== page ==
With a couple of days to digest what happened against in their 56-49 loss to the Miami RedHawks, the Akron Zips will concentrate on returning to fundamentals defensively and moving on from a disappointing loss.
Offensively the RedHawks racked up more than 700 yards against the Zips defense. In their past two games, the Zips have given up better than 1,300 yards of offense. Although some might argue that was to be expected against the Tennessee Volunteers, it can be argued that it should have been a different story against Miami as their quarterback Zac Dysert ran wild and completed passes at will.
“When everyone did what they were supposed to do from the standpoint of assignments and technique, everything looked like a million dollars,” assistant head coach and defensive coordinator Chuck Amato said.
The problem was that didn’t appear to happen too often. The defensive secondary often looked in disarray as they attempted to figure out what their assignments were. The result: RedHawks receivers were open for much of the afternoon.
“Yes, it's a concern. I've never been through something like this personally,” Amato said. “One thing that's not a concern to us is that our kids are playing really hard.”
Hindsight being 20-20, both Amato and Bowden said that they should have kept the defensive game plan simple. They knew Dysert was going to throw the ball, primarily because the RedHawks rushing game went into last Saturday’s game with a reputation for being anemic.
“I just we could have just lined up with something simpler and played football,” Bowden said.
It certainly didn’t help that they were without linebacker Justin March for the game. March, Amato said, sets the tone in practices and he is one of the defense’s leaders. But until he returns, they will need to do one thing.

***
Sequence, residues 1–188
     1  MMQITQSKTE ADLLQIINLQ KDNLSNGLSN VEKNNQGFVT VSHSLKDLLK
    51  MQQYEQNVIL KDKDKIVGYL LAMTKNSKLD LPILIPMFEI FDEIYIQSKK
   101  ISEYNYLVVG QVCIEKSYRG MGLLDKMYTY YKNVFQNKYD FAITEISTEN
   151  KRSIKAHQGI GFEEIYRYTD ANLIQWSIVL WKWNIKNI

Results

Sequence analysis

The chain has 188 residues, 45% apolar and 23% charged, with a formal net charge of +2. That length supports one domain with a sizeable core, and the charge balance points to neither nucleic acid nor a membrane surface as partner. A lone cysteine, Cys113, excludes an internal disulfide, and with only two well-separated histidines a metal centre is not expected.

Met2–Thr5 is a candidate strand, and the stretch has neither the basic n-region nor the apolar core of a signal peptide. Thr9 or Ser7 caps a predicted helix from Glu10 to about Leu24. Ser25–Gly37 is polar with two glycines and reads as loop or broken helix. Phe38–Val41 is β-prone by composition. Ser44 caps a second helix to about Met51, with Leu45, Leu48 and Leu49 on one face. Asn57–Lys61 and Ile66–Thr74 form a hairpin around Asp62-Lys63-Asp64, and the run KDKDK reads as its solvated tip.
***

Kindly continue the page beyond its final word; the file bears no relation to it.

“Go back to your fundamentals,” Amato said, go back to tackling, of your coverage, your intensity.”
Some would say intensity wasn’t the issue during Miami’s game-winning touchdown drive Saturday. Considering the Zips were flagged for two personal foul penalties to give the RedHawks a good hunk of the yardage they needed to score, the officials may have thought them too intense.
Bowden said during Saturday’s press conference that he would have to watch the game film to see if they would have to change team technique.
“I think we have to look and see how we can avoid getting penalties and just do a better job of tackling properly and doing a good job of that,” he said. “It's very close and a very fine line between what's a good hit and an impermissible tackle. We're just trying to evaluate and do the best job we can.”
That may be the case, but at least one of the personal foul calls was suspect as the offensive player lowered his helmet as the defender came in with his shoulder. Bowden and Amato acknowledge it’s a safety issue.
“If you're going to make the game safer why is one man allowed to duck his head?” Amato said. “The low man wins is what we teach. Why should anyone be allowed to do it?”